Bill’s work as Director of Investigations for the Downstate Illinois Innocence Project was featured in the May 2009 edition front page article: This project’s focus is innocence in the Chicago Daily Law Bulletin. A companion story in the same edition, by Law Bulletin reporter, Bethany Krajelis, features a story on the book Too Politically Sensitive, by former Illinois State Police Lt. Michale Callahan: He has taken his fight to print.

Bill Clutter’s investigation of wrongful conviction cases began with his work in the Nicarico case in 1988, featured in the book Victims of Justice authored by Thomas Frisbie and Randy Garret.

Bill Clutter’s investigation in the case of Randy Steidl resulted in his release from prison in 2004, after spending 17 years in prison, most of it serving a death sentence. Bill’s post-conviction investigation was cited by federal court judge Michael P. McCuskey in granting a habeas petition filed by Jane Raley, Karen Daniel and Lawrence C. Marshall of the Bluhm Legal Clinic of the Northwestern University School of Law, and by Springfield attorneys Michael Metnick and Kathy Saltmarsh.

By April of 1992, Clutter's investigation revealed new evidence proving that a key prosecution witness, Debra Rienbolt, bore false witness against both Steidl and Whitlock. This evidence included forensic evidence proving that a broken lamp discovered by firemen had been broken after the fire had been suppressed, discrediting Rienbolt's trial testimony that she saw a broken lamp inside the bedroom as she witnessed the murders.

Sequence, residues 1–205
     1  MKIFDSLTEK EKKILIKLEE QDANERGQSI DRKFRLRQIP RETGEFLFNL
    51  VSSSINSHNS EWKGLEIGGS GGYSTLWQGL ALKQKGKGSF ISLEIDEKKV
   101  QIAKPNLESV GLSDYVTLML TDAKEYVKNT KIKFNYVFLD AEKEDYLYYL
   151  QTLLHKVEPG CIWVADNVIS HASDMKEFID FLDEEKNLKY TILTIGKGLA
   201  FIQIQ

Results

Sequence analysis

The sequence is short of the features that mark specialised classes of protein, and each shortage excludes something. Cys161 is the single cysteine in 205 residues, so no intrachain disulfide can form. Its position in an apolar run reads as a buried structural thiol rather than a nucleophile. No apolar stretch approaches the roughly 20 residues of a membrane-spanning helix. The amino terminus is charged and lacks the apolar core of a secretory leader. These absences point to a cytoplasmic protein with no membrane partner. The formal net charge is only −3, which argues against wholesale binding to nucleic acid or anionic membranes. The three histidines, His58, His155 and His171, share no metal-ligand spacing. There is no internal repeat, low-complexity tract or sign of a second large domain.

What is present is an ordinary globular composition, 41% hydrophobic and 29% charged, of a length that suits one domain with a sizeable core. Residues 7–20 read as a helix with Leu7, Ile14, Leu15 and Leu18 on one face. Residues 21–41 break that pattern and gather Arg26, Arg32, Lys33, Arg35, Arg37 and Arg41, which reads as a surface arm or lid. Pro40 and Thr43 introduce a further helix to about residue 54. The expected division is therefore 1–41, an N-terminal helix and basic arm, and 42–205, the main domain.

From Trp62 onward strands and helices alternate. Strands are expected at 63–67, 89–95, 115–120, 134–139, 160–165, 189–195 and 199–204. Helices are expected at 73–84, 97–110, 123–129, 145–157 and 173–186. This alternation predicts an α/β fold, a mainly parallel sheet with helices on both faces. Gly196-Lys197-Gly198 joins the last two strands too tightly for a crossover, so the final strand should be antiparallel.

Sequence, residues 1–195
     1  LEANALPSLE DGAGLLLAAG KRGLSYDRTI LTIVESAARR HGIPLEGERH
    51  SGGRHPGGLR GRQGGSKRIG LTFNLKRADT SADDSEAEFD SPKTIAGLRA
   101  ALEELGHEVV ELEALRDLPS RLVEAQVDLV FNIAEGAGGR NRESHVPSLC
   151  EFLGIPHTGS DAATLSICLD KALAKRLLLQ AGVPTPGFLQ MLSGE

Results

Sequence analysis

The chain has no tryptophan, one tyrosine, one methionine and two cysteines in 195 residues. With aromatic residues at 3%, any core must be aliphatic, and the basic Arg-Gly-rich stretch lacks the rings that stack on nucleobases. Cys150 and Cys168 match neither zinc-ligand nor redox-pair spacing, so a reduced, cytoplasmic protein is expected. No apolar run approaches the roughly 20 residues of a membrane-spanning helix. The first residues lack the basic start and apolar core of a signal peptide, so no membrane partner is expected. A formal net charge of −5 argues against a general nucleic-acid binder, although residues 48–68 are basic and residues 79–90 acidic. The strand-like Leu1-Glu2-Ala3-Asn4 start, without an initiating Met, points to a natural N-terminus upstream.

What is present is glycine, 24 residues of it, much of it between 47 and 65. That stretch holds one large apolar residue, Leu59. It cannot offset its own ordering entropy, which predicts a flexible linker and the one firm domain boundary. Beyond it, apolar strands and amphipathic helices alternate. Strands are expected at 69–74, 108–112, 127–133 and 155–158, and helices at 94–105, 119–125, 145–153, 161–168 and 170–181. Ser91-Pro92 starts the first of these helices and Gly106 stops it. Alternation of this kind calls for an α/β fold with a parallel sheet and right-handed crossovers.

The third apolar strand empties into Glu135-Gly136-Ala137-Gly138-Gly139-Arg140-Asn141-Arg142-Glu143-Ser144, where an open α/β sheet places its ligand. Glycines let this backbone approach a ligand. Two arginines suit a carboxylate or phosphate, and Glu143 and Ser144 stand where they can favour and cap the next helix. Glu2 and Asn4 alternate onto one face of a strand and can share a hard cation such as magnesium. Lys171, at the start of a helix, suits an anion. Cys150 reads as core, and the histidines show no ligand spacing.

His investigation in the case of Herbert Whitlock was cited by the Illinois 4th Dist. Appellate Court in its decision reversing Whitlock’s conviction.

On May 18, 2009, Bill’s mentor and friend, Springfield attorney Michael B. Metnick was honored with a Defender of the Innocent Award for his lifetime achievement defending the wrongfully convicted. The event featured Larry Marshallas keynote speaker.

Bill Clutter worked on two of the 15 death row exoneration cases in Illinois that lead to Gov. George Ryan in 1999 declaring a moratorium on the death penalty.

He has worked in collaboration with the Northwestern University Law School Center on Wrongful Convictions in a number of cases to exonerate persons who were wrongfully convicted.

Bill Clutter’s work can also be found at the website for the National Coalition Against the Death Penalty.

Bill Clutter: Former alderman focuses his time on private investigations
By SARAH ANTONACCI, Journal Register Staff Writer
Published Monday, April 23, 2007

The following is the latest installment of a new series in The State Journal-Register called "Headliners: A look at people who made the news." Each Monday, we'll catch up with a newsmaker from the past.